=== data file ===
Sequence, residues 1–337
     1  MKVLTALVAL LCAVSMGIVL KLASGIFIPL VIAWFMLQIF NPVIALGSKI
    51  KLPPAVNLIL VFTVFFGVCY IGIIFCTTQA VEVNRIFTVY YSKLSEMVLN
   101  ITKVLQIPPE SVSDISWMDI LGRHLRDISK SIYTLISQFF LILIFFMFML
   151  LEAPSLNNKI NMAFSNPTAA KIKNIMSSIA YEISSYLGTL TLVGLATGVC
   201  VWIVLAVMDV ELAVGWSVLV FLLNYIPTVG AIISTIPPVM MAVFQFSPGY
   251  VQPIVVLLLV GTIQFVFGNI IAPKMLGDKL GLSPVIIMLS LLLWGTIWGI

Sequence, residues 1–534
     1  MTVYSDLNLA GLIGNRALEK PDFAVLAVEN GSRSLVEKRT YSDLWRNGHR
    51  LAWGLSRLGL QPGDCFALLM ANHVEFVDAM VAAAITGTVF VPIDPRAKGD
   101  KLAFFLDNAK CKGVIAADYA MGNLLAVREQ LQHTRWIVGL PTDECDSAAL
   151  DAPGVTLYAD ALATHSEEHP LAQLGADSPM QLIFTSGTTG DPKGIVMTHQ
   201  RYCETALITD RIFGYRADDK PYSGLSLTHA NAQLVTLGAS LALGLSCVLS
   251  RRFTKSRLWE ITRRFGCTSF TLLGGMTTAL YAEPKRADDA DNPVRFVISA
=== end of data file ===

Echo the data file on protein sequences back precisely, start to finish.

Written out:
Sequence, residues 1–337
     1  MKVLTALVAL LCAVSMGIVL KLASGIFIPL VIAWFMLQIF NPVIALGSKI
    51  KLPPAVNLIL VFTVFFGVCY IGIIFCTTQA VEVNRIFTVY YSKLSEMVLN
   101  ITKVLQIPPE SVSDISWMDI LGRHLRDISK SIYTLISQFF LILIFFMFML
   151  LEAPSLNNKI NMAFSNPTAA KIKNIMSSIA YEISSYLGTL TLVGLATGVC
   201  VWIVLAVMDV ELAVGWSVLV FLLNYIPTVG AIISTIPPVM MAVFQFSPGY
   251  VQPIVVLLLV GTIQFVFGNI IAPKMLGDKL GLSPVIIMLS LLLWGTIWGI

Sequence, residues 1–534
     1  MTVYSDLNLA GLIGNRALEK PDFAVLAVEN GSRSLVEKRT YSDLWRNGHR
    51  LAWGLSRLGL QPGDCFALLM ANHVEFVDAM VAAAITGTVF VPIDPRAKGD
   101  KLAFFLDNAK CKGVIAADYA MGNLLAVREQ LQHTRWIVGL PTDECDSAAL
   151  DAPGVTLYAD ALATHSEEHP LAQLGADSPM QLIFTSGTTG DPKGIVMTHQ
   201  RYCETALITD RIFGYRADDK PYSGLSLTHA NAQLVTLGAS LALGLSCVLS
   251  RRFTKSRLWE ITRRFGCTSF TLLGGMTTAL YAEPKRADDA DNPVRFVISA